“Enter the First Three Witches” and Online Dating
“Last batch of eye tasted like ass,” said Stadin conversationally, stirring her caramel macchiato three times widdershins, the spoon rattling against the sides of the ceramic coffee mug with each turn. Reminiscent of a nicely charred bone utensil in a cast-iron cauldron.
“My hunch is it was salamander and not newt,” offered Hoppo, glancing out of the corners of her eyes toward the door of the Moon Under Water Coffee House.
It was storming, the toad-sized hailstones obscuring the view of the crossroads corner through the plate glass windows flanking the entrance. Thirsty connoisseurs were entering with hunched shoulders, shaking like miserable, sodden canines, steam rising off their coats and parkas in the warm interior. It was early-evening and Hoppo was waiting for her first eHarmony date’s arrival.
“Stop, sister, I implore you,” interrupted Puckle, wriggling her fingers at Hoppo.
“What?” she growled, turning her steely gaze back to the table occupants. “Why?”
“You’re acting like a desperate orphan.”
Hoppo harrumphed, the sound more bitter than angry, and broke off the corner of her pumpkin scone, pressing it between her lips. She chased it down her gullet with a long sip of her un-doctored house coffee.
“eHarmony - When you’re ready to find the love of your life,” Stadin spit out. “Get back on Tinder. It suited you,” she offered. “Your particular needs, shall we say.” She and Puckle cackled together.
“Hysterical, hysteria’s sisters,” Hoppo replied, her face stolid and serious.
“Oh, don’t be like that.” Stadin sounded contrite but with an over-bite. “You don’t need a man to get a teaspoon of elixir.”
Puckle laughed so hard she began to choke a bit on her own morsel of pumpkin scone. Stadin pounded her soundly between her jutting shoulder blades, sharp as axe heads. Puckle held up one hand, the universal symbol for stop before I hex you. She nodded that she had cleared her throat. Stadin used her knuckles to knock out a quick rhythm up the knobs of her sister’s spine, finishing with a pat on her shoulder, and settling back in her chair.
“You don’t need pepper to make a pig sneeze,” Puckle giggled.
“And you don’t need a knife to let blood,” Hoppo told both with a look that could spell disaster with the right translation.
A heavy cloud settled over the stewing sisters. Stadin and Puckle sharing covert glances that threatened to turn up the ends of both their lips in dark mirth. Hoppo continuing to cast a hopeful glance at the front door.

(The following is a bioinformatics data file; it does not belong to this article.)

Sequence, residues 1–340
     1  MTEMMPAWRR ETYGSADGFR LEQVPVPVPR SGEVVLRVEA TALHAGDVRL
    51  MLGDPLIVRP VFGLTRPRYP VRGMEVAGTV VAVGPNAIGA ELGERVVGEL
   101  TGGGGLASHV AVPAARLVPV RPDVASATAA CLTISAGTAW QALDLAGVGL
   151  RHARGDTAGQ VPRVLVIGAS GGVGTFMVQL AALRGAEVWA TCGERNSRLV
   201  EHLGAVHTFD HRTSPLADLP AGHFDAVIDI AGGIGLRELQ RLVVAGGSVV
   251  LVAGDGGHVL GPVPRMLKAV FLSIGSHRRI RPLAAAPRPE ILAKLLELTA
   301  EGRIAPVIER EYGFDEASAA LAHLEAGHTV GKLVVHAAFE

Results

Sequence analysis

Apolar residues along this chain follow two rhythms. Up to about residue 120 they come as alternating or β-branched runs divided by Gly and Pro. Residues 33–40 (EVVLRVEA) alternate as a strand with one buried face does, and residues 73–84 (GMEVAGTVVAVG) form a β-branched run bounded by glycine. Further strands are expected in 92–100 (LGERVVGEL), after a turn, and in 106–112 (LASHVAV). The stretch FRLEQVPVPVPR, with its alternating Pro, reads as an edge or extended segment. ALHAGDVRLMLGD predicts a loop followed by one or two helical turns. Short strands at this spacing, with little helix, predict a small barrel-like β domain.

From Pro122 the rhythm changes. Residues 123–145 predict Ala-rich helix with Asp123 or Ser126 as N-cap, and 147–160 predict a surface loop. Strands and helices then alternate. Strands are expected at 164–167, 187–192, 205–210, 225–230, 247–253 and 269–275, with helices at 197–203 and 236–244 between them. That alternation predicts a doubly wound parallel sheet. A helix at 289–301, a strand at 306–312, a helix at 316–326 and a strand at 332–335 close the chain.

"I think," Stadin broke into the heavy silence. "Things were better for us when we could stir a bit of menstrual blood into a man's kidney pie. So much easier to control them that way. What say you, sisters?"
Hoppo shuddered. "It's the 21st Century, we have better things to do than serve men bloody pies."
Stadin nodded, finishing her coffee with a faraway look in her mismatched eyes.
Puckle took a long drink of her herbal tea. “Have I mentioned how much I like that the Moon Under Water hasn’t betrayed the sensible use of crockery for paper.”
“Only every time we patronize this establishment.”
She drained the last of the tea and swirled the cup quickly before turning it upside down onto its saucer. “I’m going to attempt to read the leaves for you, sibling,” she informed Hoppo.
“Please don’t. And besides, that isn’t even possible, strictly speaking.”
“In the strictest sense, and I can play the dominatrix better than anyone seated at this table, I’m reading my leaves in relation to how your future affects me. Romantic entanglement or not.”
Puckle carefully turned the teacup right side up and peered inside, Stadin crowded in, cheek pressed against cheek. They turned stricken faces towards one another and just at that moment the bell over the door announced another arrival.
All three swiveled their heads in the direction of the sound. The rain had stopped, a sudden sunbeam shone through the open door, crowning the newcomer in a halo of brilliant gold light. In his hand he held a small bouquet of hemlock.
“That’s him,” breathed out Puckle and Stadin in one foul breath.
“He’s shorter than you led us to believe,” said Puckle.
“He looks,” Stadin paused, narrowing her eyes, “dimmer than you suggested.”
“You are some salty witches,” Hoppo told them both before she stood and turned to greet her king hereafter.
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